• “ proper marketing” means property has been exposed to market in most appropriate manner
  • 15. Definitions of Value The Valuers’ View Market Value FAIR VALUE may be represented by Current Cost (Net) Realisable Value (price in exchange) Value in Use to the Entity Reproduction Cost Recoverable Amount (higher of above values) Replacement Cost (can be same at NRV) Deprival Value (lower of above values)
  • 16. Fair v Market Value
    • In many cases price obtainable in the general market for that asset will be a price that is deemed “fair” by both parties
    • However:
      • MV disregards any such synergistic value as this could only be realised if a specific party was willing to transact on date of valuation
      • MV does not require price to be “fair” to either party – it is simply the price determined by market participants generally
      • FV is generally a “broader” concept than MV. For many purposes ignoring synergistic value and whether deal was “right” for the particular entity would be wholly inappropriate
  • 17. Fair v Market Value
    • Fair Value and Market Value overlapping concepts but are NOT synonymous
    • FASB had proposed in include in its Fair Value definition a direct comparison to a “ reference market”.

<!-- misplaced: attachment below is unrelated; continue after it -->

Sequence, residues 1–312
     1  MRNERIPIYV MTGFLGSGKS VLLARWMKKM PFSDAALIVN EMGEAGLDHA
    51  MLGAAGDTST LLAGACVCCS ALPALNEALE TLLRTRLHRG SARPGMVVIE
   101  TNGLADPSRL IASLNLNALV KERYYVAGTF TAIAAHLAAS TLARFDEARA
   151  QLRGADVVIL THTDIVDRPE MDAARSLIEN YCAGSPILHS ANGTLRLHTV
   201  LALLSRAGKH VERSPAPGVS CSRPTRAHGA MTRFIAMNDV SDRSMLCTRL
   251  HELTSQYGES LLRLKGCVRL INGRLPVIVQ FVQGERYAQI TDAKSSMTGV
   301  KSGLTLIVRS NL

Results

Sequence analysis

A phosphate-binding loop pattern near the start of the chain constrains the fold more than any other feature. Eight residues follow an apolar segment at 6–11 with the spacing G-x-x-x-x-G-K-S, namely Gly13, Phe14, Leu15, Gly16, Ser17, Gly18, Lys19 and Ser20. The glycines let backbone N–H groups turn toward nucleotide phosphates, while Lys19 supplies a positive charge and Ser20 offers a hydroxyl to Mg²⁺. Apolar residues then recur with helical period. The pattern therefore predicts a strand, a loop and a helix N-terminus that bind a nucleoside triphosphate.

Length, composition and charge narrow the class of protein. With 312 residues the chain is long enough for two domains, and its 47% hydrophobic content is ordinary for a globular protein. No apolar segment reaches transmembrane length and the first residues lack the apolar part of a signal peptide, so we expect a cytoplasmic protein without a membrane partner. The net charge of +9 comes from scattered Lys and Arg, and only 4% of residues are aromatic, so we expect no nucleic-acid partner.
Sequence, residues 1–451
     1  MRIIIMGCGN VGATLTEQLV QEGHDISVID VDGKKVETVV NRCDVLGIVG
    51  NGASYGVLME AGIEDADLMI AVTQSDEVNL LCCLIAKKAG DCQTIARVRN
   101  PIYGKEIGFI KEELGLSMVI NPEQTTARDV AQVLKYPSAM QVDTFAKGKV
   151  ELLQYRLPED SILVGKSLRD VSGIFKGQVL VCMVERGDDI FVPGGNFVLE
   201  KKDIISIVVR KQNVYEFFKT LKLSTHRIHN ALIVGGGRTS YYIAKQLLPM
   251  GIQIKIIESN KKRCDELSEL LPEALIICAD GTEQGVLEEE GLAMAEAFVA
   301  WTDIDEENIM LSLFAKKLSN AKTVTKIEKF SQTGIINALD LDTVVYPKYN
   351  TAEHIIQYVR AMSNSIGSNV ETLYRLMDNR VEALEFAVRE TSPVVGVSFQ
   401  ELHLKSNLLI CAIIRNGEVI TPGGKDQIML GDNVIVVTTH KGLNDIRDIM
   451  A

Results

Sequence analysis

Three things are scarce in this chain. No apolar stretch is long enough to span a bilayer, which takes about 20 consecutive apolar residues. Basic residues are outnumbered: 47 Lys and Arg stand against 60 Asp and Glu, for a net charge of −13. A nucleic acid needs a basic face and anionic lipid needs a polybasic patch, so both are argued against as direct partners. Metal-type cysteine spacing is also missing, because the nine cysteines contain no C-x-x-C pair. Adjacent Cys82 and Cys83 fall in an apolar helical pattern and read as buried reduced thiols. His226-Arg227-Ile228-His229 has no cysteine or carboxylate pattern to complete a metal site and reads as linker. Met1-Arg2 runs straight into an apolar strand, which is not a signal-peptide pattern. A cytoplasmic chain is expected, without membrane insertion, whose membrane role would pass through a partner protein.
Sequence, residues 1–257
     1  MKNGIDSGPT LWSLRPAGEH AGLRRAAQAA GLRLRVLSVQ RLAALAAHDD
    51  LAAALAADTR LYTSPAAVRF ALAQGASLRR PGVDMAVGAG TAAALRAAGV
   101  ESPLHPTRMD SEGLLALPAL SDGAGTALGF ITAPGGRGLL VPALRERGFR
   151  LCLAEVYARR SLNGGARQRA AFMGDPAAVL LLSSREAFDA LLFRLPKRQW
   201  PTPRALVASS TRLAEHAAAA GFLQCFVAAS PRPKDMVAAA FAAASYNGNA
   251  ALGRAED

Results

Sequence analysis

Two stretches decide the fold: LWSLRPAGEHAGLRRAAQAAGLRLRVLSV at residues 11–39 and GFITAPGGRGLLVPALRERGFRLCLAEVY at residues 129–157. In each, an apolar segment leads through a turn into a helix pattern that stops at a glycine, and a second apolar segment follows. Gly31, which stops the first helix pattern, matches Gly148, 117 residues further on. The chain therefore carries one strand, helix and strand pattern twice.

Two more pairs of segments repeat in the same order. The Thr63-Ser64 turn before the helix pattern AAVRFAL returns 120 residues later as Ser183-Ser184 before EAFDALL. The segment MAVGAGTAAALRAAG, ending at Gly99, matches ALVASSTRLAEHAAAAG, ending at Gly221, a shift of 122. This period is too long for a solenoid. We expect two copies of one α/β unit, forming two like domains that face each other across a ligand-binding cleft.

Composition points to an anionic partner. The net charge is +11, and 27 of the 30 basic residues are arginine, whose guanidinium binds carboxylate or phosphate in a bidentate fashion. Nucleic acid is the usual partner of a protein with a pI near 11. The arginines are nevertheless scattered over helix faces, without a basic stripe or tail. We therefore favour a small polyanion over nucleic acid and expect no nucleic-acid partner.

• Also clear from Canadian paper that entity specific considerations should normally be disregarded.
    • Is not obvious solution to stipulate that MV as defined in IVS as appropriate measure for financial reporting?
  • 18. Practical Issues Is asset measured under going concern concept?
    • IAS 1 stipulates that accounts prepared on going concern basis – unless intention is to liquidate
    • Measurement takes place at asset level not entity level
    • Assets (or liabilities) can have markedly different market values depending on which assumption made:
      • that they are part of a transfer of the whole operation or,
      • that they are sold away from the enterprise as a separate item
  • 19. Practical Issues Is asset measured under going concern concept? - 2
    • Potential conflict between IAS 16 and IAS 36
      • Is Fair Value under revaluation option supposed to be the same as Fair Value in impairment test?
      • Intention of IAS 36 appears to be to establish minimum carrying amount by comparing ViU of holding asset with net proceeds of liquidation (FV less costs)
      • Same FV (without costs deduction) might be thought to be carrying amount under IAS 16. However, this figure then used to calculate depreciation under same standard, which assumes asset continuing useful life to entity.
  • 20. Practical Issues Real Estate
    • Real estate has characteristics that distinguish it from other types of asset and liability:
      • It has to be transacted in-situ – if owner occupied the entity has to remove or relocate if not transferred as part of going concern
      • Land does not normally depreciate
      • Land and buildings may have potential for more valuable uses